Moreover, Muslims also wanted to distinguish themselves from Christianity, which at the time was still dominant in most of the conquered regions, such as Syria and Egypt, and which itself debated the issue of imagery for a long time before St John of Damascus finally won the war of the icons. As a Father of the Early Church, a man who was highly knowledgeable about Islam and a minister of a caliph, John of Damascus was himself probably trying to draw a distinction between Christianity and Islam and even Judaism, which is why he allowed the Church to make the visual its principal means of communication.

The search for alternatives to figurative representation in Sunni Islam certainly does not indicate that Muslims did not create images. After experimenting with plant – and above all floral – motifs as a way of representing paradise, examples of which include the magnificent frescoes and mosaics in the grand Umayyad mosque in Damascus, the exploratory move towards even greater abstraction in the form of more complex geometric patterns began.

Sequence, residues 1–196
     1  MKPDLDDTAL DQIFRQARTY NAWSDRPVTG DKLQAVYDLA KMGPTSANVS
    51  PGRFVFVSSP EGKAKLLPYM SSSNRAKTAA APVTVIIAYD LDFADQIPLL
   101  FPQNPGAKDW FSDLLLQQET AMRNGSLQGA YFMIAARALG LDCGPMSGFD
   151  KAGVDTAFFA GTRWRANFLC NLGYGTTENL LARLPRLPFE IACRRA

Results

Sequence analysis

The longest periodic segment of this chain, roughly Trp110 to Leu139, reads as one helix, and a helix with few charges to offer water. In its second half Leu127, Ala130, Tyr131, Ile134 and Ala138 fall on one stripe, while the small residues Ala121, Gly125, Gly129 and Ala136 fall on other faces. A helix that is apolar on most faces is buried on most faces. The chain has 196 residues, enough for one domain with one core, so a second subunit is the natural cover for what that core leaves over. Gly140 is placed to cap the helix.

And so, a very specific art and culture was born in the Dar al-Islam, the house of Islam. On the one hand, this development gave coherence – and a sense of belonging – to one single civilisation across Islam's vast territories. On the other, it is evidence of the fact that Islam was indeed open to other cultures such as the Byzantine, Persian and Indian. Evidence of this can be found in the architectural treasures of Granada, Fez, Kairouan, Cairo, Jerusalem, Damascus, Samara and also Herat or Agra, to name but a few.